• 35. Aruba Networks, Inc. Example Use Cases | 35 Managing and Optimizing RF Spectrum for Aruba WLANs Application Note The noise source used in this example is a wide band fixed frequency noise source. A video bridge is a high duty cycle noise source (~ 90%) that operates over a range of frequencies in its band of operation (2.4 or 5 GHz). The air quality in the RF neighborhood will be impaired, which will affect the user experience adversely. It is important to note that Adaptive Radio Management (ARM) will detect poor channel quality in the presence of the video bridge and dynamically pick a better channel. The video bridge is a wideband noise source however, and thus affects all the usable channels in the 2.4GHz band. The hybrid AP-135s are constantly scanning for non-802.11 sources of noise and other wireless security events in the home channel, and also perform off-channel scanning at a regular interval. The AP is able to detect a high noise floor and feed that RF information to the Aruba Mobility Controller. The AP also detects and classifies the noise source. The controller is able to take this information from the AP and display it in the form of charts for visualization. The WLAN controller feeds this information to the AMP management system. When the matching channel utilization conditions configured on AMP are met, it automatically generates an email notification to the WLAN administrator. Upon drilling down into the alert that the WLAN administrator has just received, some of the information that AMP has provided is included in the alert as shown in Figure 32. Figure 32 Real Time Email Alert from AMP The table below breaks down the information that the administrator receives as part of the alert. Select the hyperlink provided for AP-135-1 on the alert. The AP monitoring page on AMP opens up. Value Information on the alert What is the matching condition for the trigger? Interference, Channel Utilization What is the severity level of the trigger? Critical What are the affected devices? 135-1 and 135-3 What is the affected radio? 802.11bgn radio on both the APs Where are they located? Location information floor plan level visualization Link to More detailed info Link to the AP monitoring page on AMP that offers detailed statistics
  • 36. Aruba Networks, Inc. Example Use Cases | 36 Managing and Optimizing RF Spectrum for Aruba WLANs Application Note Select the 802.11bgn radio from AP-135-1’s monitoring page, as shown in Figure 33. Figure 33 Affected AP (AP-135-1) Monitoring Page on AMP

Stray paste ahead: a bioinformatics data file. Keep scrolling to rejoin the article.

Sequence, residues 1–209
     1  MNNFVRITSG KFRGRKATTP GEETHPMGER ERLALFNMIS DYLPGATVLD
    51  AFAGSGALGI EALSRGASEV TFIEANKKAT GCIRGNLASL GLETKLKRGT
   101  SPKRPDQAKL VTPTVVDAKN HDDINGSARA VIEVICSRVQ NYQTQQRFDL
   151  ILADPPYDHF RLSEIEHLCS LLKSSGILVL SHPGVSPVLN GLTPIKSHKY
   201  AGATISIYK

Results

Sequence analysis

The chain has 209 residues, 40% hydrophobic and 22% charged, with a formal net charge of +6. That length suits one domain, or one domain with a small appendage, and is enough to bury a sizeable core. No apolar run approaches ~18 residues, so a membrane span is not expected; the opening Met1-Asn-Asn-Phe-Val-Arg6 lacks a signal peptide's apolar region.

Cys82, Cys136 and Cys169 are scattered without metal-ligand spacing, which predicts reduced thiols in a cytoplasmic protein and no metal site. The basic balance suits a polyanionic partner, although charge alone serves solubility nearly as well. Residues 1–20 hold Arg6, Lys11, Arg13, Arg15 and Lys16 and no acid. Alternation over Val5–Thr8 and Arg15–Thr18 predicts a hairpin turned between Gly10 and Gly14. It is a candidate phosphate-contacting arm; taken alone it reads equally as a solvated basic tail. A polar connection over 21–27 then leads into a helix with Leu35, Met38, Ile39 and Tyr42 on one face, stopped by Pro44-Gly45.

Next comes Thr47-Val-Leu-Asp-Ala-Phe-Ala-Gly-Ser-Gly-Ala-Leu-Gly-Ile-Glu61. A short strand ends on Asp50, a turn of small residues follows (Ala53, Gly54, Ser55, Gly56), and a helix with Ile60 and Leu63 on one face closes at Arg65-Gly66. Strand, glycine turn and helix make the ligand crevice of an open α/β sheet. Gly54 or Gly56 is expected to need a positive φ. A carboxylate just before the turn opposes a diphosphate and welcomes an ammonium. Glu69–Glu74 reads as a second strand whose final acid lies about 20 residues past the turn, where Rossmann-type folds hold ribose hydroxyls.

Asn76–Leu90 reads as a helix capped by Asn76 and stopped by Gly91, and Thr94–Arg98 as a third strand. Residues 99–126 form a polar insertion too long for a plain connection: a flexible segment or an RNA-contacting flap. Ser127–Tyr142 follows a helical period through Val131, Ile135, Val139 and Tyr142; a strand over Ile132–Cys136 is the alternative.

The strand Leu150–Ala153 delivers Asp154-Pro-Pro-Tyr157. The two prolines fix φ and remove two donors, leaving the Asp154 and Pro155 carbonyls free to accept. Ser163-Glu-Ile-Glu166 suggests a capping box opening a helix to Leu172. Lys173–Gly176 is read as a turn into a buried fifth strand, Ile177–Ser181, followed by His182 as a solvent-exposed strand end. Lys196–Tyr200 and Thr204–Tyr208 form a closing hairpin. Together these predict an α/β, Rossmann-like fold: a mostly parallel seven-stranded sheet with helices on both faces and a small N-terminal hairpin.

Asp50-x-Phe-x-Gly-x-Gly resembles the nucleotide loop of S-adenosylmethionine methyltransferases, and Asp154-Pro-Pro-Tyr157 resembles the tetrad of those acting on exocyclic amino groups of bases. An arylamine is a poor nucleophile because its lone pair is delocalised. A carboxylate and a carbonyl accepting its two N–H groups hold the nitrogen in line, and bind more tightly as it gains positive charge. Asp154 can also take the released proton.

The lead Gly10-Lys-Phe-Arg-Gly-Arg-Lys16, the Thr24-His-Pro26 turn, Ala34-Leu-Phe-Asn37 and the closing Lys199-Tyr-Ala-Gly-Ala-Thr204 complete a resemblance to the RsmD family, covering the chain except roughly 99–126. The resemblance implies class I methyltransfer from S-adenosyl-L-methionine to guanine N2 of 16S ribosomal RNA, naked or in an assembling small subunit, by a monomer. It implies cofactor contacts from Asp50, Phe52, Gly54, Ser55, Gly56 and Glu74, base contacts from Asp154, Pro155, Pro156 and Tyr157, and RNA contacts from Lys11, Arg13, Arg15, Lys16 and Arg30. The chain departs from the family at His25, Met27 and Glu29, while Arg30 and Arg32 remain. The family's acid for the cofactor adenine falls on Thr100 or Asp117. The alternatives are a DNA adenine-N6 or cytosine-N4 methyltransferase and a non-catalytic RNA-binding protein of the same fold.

• 37. Aruba Networks, Inc. Example Use Cases | 37 Managing and Optimizing RF Spectrum for Aruba WLANs Application Note This opens the 802.11bgn radio statistics page. As seen in Figure 34, the issue reported is a high noise floor condition. The reason for the high noise floor condition is the presence of a wideband device fixed frequency interferer. The noise floor and the channel utilization graphs reinforce that this is the issue. Figure 34 Using the Radio Statistics Page for Real-time Troubleshooting The interfering device table in the radio statistics page gives interferer-specific information that enables the administrator to determine the duty cycle of the noise source and the channels affected. This allows the administrator to determine whether this is a persistent or a transient noise source with the first/last-seen time stamps as shown in Figure 35. Figure 35 Interference Device Detected The vital piece of information required for real-time troubleshooting is the interferer’s location. The visual RF module contains floor plans of the current deployment (imported into AMP by the administrator), the location of the APs and the clients. It also integrates location information for interferers.
  • 38. Aruba Networks, Inc. Example Use Cases | 38 Managing and Optimizing RF Spectrum for Aruba WLANs Application Note The three APs in the network are able to hear the video bridge at different signal levels. With the received signal strength triangulation, the location of the interferer can be approximated on a floor plan. The AP monitoring page on AMP has a link to the visual RF module as shown in Figure 36. Select the map to maximize it. Figure 36 Visual RF Module on the AP Monitoring Page This opens the floor plan on the Visual RF module with the location of the three APs and the clients associated. The video bridge in the 2.4 GHz band has been identified and located on the floor plan as
  • 39. Aruba Networks, Inc. Example Use Cases | 39 Managing and Optimizing RF Spectrum for Aruba WLANs Application Note shown in Figure 37. Figure 37 Interferer location Tracking on AMP The spectrum analysis dashboard could be triggered right from the AP monitoring page on AMP to visualize the impact of interference in the form of FFTs and spectrograms as shown in the Figure 38. Figure 38 Spectrum Analysis Launched from AirWave